The Debutante’s First Dinner: 1898

The Debutante, Edward Robert Hughes 1886

The Debutante, Edward Robert Hughes 1886

HER FIRST DINNER. 

A Debutante’s Infelicity.  

Characters :  

Marian Ashhurst: A Debutante  

Mr. Van Luydam Beedam: A Society Man

 Jack: Miss Ashhurst’s Brother

 Alice: A Friend  

Scene. — A coupé, in which the debutante, a bewildering mass of white satin and soft furs, is being driven rapidly to her destination.  

Debutante [in a funk]— Oh, dear, how cold my hands are! And my throat’s so dry I have to swallow every five seconds. I’ve forgotten all Jack’s advice, too. What shall I do? Good gracious, here we are! [Breathes a silent prayer, grabs her gloves, fan, etc., frantically, and vanishes within a brilliantly lighted mansion.]  

Lackey — [opening door] — Second floor, front, please.  

[Debutante rushes past him up the stairs, fearful of being late, and hurries into the dressing-room. Perceives several figures in dainty gowns, but brushes by them, oblivious of everything.]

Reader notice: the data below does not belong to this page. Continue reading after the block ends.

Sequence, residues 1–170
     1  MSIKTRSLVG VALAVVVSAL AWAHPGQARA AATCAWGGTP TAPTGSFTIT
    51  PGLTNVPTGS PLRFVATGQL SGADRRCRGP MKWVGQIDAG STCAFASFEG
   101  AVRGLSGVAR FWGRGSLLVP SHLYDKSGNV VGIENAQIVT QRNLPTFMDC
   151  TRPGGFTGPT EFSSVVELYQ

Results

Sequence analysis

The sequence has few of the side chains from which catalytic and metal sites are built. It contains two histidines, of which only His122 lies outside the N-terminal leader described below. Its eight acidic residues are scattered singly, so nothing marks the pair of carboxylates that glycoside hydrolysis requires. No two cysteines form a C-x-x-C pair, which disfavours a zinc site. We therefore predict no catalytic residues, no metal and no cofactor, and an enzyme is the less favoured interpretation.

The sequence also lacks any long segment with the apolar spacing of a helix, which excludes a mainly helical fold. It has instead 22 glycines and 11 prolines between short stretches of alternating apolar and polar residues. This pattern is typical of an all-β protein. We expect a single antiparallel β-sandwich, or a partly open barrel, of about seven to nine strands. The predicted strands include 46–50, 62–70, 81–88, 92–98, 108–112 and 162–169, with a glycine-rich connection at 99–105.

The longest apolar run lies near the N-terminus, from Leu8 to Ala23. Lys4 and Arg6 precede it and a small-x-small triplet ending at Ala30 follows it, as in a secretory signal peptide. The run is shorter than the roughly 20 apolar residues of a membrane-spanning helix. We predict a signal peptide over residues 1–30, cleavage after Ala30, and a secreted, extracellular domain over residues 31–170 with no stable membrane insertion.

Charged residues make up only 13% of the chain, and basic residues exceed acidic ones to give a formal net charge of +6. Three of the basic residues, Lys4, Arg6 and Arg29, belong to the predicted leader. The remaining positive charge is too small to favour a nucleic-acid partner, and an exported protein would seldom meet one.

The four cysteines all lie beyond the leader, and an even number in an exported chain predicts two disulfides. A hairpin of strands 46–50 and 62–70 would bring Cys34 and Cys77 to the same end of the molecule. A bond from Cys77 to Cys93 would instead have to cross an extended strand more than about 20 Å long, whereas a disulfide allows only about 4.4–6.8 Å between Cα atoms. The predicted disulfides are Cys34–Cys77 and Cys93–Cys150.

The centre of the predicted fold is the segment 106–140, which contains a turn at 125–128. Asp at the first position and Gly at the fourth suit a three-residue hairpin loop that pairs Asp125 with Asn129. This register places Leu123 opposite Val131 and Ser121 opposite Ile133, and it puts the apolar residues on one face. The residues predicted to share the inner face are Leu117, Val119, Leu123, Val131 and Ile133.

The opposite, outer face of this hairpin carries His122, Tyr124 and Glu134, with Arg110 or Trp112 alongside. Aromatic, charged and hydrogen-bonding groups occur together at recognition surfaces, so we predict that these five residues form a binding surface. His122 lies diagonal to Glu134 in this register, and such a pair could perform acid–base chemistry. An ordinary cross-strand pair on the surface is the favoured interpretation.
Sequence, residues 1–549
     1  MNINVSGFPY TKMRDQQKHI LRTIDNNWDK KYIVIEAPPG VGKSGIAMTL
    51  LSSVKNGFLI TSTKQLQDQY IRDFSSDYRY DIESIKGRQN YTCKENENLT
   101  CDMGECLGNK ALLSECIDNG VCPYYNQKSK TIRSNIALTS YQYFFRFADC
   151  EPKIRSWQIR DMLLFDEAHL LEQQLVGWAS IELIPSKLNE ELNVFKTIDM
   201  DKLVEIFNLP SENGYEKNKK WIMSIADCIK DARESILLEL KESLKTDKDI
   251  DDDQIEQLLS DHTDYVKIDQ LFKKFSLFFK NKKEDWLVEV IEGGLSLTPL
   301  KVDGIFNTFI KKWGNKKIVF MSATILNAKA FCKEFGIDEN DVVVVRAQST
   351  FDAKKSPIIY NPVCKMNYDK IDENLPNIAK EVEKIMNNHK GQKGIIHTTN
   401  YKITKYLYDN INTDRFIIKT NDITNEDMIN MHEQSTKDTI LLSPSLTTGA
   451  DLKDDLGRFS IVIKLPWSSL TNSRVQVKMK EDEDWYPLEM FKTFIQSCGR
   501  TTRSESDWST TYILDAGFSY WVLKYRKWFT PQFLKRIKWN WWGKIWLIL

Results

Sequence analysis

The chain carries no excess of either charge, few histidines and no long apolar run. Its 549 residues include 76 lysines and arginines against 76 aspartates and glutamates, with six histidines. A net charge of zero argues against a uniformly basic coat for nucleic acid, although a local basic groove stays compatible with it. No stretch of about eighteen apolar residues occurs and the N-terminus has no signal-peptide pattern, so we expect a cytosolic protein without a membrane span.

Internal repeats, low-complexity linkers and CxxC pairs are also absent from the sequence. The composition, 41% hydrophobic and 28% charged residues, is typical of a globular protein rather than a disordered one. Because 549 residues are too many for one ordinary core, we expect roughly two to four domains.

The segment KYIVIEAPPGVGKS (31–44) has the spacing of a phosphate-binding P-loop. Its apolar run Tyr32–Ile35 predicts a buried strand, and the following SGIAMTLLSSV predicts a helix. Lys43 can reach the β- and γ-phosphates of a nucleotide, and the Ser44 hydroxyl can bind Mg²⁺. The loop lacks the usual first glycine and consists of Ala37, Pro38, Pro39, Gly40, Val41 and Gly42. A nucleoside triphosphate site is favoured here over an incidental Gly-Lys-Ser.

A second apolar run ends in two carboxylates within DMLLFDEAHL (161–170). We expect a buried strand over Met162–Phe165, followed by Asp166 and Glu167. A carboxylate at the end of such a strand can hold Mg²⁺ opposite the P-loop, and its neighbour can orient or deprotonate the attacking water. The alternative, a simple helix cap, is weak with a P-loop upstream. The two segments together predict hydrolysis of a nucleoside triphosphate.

Alice [out two years] — Why, Marian, don’t you know me? Is this your first dinner? Aren’t you frightened? But no, you look as calm as an old campaigner. I want you to meet Miss ___ . [Introduces her to the others.]  

Debutante [bowing and smiling nervously] — I am glad you think, Alice, I look calm. Frankly, it’s all I can do to keep my teeth from chattering.  

Alice — What nonsense ! But what are we waiting for? Let’s go down. [The debutante trails reluctantly in the rear.]  

Voices — How do you do? How are you? Let me present. Allow me to introduce, etc.  

Hostess— Ah ! Miss Ashhurst ! So glad to see you! Allow me to present Mr. Van Luydam Beedam.  

Miss Ashhurst [who wonders vaguely why she thinks at that moment of Jack in one of his tempers] — How do you do?  

Mr. Van Luydam Beedam— Miss Ashhurst, I believe I have the pleasure of taking you in to dinner.  

[Miss Ashhurst is saved the awkwardness of a reply by dinner being announced.]